Mexican and South Korean trade relations intensify.

This past Monday, February 16, 2015, two Mexican and Korean commercial agreements entered into effect.

The “Acuerdo de Reconocimiento Mutuo,” or the Mutual Recognition Agreement; and the “Operador Economico Autorizado,” or the Authorized Economic Operator (AEO) program are Mexican and South Korean commercial agreements that were signed signed by both parties on March 11, 2014.

As a result of the signing of the two accords, Each nation has agreed to recognize the supply chain security programs of that have been implemented by the other. As a part of the Mexican and South Korean commercial agreements, Mexico now recognizes South Korean companies that have been certified under the nation’s AEO program. In addition to South Korea, there are currently fifty-seven companies worldwide that have similar AEO programs in place. Countries that have implemented Authorized Economic Operator programs to ensure the integrity of their supply chains have done so by working within the SAFE Framework of Standards that has been developed by the World Customs Organization. The main features of the SAFE Standards include:

  • the imposition of consistent procedures to mitigate supply chain risk and potential threats to security;
  • a description of benefits that will accrue to companies that meet security standards in their supply chains;
  • the standardization of advance electronic cargo data;
  • the assurance that customs personnel will inspect potentially risky outbound shipments when asked to do so by the customs authority of the receiving nation.

As a result of the Mexican and South Korean commercial agreements that have been in effect since the beginning of the present week, South Korea now officially recognizes Mexico’s “Nuevo Esquema de Empresas Certificadas (NEEC), or its New System of Certified Companies program for supply chain safety and security. Mexico’s NEEC program was instituted in 2011, and is, essentially, Mexico’sequivalent of C-TPAT in the United States. Since the inception of the program, approximately two hundred shippers have achieved certification. The main benefits that are enjoyed by participating companies include:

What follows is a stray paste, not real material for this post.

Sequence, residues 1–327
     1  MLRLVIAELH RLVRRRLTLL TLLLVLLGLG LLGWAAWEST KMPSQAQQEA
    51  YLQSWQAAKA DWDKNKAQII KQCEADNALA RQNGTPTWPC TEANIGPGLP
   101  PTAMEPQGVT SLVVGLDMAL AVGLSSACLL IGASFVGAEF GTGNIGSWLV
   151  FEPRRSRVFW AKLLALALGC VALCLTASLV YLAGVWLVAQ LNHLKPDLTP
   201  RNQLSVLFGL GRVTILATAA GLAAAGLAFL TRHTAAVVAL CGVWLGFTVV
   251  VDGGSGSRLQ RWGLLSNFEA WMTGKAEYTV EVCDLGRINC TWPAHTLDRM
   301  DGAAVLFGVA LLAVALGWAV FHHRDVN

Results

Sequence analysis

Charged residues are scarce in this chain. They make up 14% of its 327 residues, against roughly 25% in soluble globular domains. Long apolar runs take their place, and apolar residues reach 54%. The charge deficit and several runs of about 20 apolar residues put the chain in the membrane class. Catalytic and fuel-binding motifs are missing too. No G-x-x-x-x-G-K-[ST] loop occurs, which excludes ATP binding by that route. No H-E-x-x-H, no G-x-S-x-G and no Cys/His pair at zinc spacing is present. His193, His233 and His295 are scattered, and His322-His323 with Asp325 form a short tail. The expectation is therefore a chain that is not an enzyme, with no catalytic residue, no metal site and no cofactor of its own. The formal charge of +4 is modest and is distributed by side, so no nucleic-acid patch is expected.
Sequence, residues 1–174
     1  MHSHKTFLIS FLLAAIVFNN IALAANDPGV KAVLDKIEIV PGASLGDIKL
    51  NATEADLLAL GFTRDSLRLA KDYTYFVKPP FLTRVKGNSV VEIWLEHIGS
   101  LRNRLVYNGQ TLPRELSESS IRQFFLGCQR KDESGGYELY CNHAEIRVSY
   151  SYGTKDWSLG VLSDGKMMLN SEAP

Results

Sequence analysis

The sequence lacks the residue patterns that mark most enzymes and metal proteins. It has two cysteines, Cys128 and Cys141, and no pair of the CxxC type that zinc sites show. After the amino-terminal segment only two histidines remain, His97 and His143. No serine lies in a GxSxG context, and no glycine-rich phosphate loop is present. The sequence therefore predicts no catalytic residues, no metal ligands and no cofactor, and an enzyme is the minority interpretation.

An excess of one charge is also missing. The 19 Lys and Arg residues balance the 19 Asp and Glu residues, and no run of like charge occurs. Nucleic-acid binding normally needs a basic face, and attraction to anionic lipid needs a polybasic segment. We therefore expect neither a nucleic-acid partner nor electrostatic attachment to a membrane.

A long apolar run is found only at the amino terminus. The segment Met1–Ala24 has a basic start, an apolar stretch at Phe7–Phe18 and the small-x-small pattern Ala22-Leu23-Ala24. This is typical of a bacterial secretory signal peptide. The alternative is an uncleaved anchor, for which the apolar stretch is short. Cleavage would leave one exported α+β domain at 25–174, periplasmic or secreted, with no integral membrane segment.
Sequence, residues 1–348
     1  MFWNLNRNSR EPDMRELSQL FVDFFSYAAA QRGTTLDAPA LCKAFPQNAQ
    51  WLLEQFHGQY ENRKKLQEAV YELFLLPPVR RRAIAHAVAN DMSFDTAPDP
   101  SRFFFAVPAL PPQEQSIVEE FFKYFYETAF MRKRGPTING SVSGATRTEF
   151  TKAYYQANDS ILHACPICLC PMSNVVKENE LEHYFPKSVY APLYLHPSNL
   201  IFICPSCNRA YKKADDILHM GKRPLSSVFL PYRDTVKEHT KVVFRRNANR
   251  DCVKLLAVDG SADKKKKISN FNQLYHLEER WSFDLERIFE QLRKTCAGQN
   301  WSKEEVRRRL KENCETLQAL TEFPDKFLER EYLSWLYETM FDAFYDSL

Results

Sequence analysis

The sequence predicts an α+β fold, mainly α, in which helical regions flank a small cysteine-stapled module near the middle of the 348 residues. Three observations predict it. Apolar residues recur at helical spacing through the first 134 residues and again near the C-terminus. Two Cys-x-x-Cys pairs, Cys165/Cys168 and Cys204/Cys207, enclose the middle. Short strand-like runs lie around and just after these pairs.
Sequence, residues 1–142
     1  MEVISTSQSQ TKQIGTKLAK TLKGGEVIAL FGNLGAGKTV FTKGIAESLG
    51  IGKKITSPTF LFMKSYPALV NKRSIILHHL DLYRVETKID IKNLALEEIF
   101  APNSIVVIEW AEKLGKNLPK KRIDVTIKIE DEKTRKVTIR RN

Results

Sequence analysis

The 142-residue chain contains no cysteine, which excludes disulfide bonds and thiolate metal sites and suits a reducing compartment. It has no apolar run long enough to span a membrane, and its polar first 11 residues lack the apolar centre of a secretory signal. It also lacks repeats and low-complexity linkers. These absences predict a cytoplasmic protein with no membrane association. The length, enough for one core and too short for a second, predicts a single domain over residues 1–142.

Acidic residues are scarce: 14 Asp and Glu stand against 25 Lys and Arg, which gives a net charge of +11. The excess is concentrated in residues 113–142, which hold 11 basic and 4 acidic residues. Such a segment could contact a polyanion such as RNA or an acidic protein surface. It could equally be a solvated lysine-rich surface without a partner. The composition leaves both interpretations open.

• Streamlined Mexican customs compliance checks and processing;
  • Enhanced trust by Mexican customs authorities;
  • Fewer inspections, and priority processing, for those remaining inspections for shipments originating in Mexico;
  • Improved inventory cycle time;
  • Favored compliance status for special trade partnership programs.

The two Mexican and South Korean commercial agreements will serve as part of efforts to increase the flow of goods that transpires between the two trading partners. In 2014, Mexico was the world’s tenth largest importer of goods from the Asian nation. This represented a total of just under US $11 billion dollars worth of merchandise. During the same year, Mexico exprted goods valued at US $3.2 billion to the southern portion of the Korean peninsula. Trade officials in both countries see the steps that have been recently taken as critical to the common desire of striking a comprehensive Mexico-South Korea Free Trade Agreement in the near future.